Lin-Manuel Miranda is My Spirit Animal

Thanks to the mega-musical, Hamilton*, manifested by the lyrical-mixmaster and bonafide genius, Lin-Manuel Miranda, there’s been a renewed interest in other Founding figures.** Nerding out has never been so cool.***

Take The Federalist Papers.  Originally published as a series of essays to promote ratification of our Constitution, they were ‘authored’ by “Publius” (a noteworthy historical name drop on Season 3 of Scandal).  In fact, that was a shared pseudonym for  an inestimable trio of thought leaders (or megalomaniacs, depending on your politico-historical bent): Alexander Hamilton wrote the biggest chunk, anywhere from two-thirds to three-fourths of all the papers, but there’s some dispute over a couple (Not Yeezy-TSwift level dispute, but almost as dramatic). A few of the essays were written by John Jay, who became our first Chief Justice, and was the New York State governor who fought to end slavery ahead of the national movement for emancipation (not that we’re bragging). Then there’s James Madison, one of the original political flip-floppers (“strong central government…no, states rights…no…”), but mostly known as ‘the father of the Constitution”.

Why the history lesson? Well, with the elections everywhere, and all this lively discussion about the Supreme Court, there’s a lot of passion, anger, and fear about justice/injustice. I was kind of inspired.

A general theme running through the Federalist Papers is the separation of powers among divisions of government, but in my reading of Federalist 51, I found unique insight into the issue of justice in a diverse society:

 “In the extended republic of the United States, and among the great variety of interests, parties and sects which it embraces, a coalition of a majority of the whole society would seldom take place on any other principles than those of justice and the general good…”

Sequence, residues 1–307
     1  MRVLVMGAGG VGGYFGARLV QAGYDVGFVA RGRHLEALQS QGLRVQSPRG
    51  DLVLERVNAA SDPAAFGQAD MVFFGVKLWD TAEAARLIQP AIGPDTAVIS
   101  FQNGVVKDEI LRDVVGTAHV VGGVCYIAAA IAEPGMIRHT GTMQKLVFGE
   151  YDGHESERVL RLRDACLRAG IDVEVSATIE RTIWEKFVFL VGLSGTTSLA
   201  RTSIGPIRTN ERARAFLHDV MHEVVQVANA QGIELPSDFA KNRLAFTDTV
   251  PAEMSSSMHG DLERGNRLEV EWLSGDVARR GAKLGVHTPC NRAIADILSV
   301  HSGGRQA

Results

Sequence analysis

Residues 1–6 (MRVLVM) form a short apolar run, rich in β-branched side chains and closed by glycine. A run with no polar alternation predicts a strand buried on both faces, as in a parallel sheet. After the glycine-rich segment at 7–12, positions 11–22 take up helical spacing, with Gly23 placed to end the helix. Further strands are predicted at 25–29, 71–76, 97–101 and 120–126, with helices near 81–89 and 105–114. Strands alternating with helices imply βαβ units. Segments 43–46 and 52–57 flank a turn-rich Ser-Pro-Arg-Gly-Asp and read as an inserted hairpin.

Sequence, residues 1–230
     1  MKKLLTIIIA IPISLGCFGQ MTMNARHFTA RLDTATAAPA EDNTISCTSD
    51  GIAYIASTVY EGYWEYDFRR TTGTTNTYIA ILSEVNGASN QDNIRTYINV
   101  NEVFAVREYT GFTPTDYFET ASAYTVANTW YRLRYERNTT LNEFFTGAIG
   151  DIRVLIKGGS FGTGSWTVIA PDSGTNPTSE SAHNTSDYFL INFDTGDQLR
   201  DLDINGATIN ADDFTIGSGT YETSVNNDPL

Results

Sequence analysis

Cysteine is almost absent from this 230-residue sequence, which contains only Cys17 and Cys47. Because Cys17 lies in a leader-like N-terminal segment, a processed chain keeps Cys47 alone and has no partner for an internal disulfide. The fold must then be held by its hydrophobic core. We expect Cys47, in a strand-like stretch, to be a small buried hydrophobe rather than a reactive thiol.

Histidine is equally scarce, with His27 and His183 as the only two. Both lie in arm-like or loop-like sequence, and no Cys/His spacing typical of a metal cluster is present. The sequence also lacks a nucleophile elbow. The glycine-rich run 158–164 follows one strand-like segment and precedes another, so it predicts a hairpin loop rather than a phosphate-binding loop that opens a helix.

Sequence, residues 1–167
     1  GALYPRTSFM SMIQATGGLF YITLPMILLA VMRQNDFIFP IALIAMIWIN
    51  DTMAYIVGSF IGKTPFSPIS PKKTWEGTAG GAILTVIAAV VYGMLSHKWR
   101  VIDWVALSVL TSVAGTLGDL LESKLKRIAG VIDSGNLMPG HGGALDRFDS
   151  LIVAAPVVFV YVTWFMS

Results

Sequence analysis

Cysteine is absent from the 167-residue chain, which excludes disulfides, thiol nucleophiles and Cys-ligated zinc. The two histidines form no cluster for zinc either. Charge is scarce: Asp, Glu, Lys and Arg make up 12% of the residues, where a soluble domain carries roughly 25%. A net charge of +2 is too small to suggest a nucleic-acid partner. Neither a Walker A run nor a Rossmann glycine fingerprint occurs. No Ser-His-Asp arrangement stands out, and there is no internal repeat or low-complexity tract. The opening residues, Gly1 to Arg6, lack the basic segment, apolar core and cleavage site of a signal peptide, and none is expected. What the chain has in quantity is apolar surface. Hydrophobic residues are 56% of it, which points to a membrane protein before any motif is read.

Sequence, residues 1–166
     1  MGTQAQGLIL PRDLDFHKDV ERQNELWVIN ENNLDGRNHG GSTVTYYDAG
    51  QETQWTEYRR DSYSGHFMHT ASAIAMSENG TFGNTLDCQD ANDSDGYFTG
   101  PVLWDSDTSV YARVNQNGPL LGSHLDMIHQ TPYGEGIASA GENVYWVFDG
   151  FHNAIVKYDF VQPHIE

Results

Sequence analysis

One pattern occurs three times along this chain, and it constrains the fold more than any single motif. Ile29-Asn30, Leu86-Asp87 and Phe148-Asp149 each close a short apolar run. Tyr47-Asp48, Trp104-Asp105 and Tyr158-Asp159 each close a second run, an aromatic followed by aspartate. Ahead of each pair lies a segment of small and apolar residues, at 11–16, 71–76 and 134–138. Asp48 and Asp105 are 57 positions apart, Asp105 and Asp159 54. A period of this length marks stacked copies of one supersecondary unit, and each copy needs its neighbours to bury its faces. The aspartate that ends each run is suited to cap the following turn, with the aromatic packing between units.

If this essay is taken to heart, then Madison could be interpreted as proclaiming that a society, with the size and complexity of interests as exists in the United States, should be enough to prevent a majority from accumulating too much power and wielding an unfair advantage over the minority. However, Madison accounted for failure of this diversity to overcome corruption in warning us that, “experience has taught mankind the necessity of auxiliary precautions.” And so, the need for checks and balances was made evident, to maintain justice among those governing, as well as for the governed, to protect the overall goals and needs of the republic.

It would seem that Madison was implying that justice was a shared end to be met cooperatively for both government and civil society. However, even Madison himself could not imagine that government and civil society, or human beings in any part of the population could always envision justice in the same way, or trust that the other could be charged with its effective undertaking. Madison knew they would often be on opposing sides of the struggle.

In an oft-quoted observation, Madison warned society of the need to monitor against oppression by its government and among its fellow citizens: “Men are not angels.” Given the strong feelings about government abuses and overreach, one might observe that the justice often sought by government (and by those espousing similar views) and the means by which they procure it are frequently viewed by civil society as anathema. The plot has changed, as if government was seeking not justice, but the literal end of civil society.

With the rise of justice-seeking platforms like Black Lives Matter, we could see these movements as a defense for civil society’s allegations against government, a justification of their fears of a contemptible abuse of power by government- in the form of an inadequate, inefficient and unequal system of [insert basic institutions here: education, employment, law]. Maybe it is rational – and not radical – to use protest as policy. Consider how different protestors’ goals are from Madison’s: democracy and justice. Oh, wait…yep.

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*I like PBS and all, but I take issue with how they introduce Lin-Manuel Miranda (“…the son of Puerto Rican immigrants…”) in this News Hour clip. Since 1917, when the U.S. wanted to find a way to conscript subjugated peoples into their wars, Puerto Ricans have been American citizens, and therefore can’t be immigrants to America.

**Yes, I did opt out of referring to them as ‘founding fathers’- not to diminish their contributions, but to acknowledge that Cokie Roberts put a lot of work into pointing out it they weren’t the only ones.

***Speaking of nerding out, I hugged Lin-Manuel Miranda at a nonprofit fundraiser on October 9, 2014. In fact, I hugged 2 Tony Winners that night:

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Lin-Manuel Miranda, Tony winner for In the Heights, presents an award to Lemon Andersen, Tony winner for Russell Simmons’ Def Poetry Jam. Two masters of flow.




Featured image courtesy of Less Wise, More Dangerous Tumblr.
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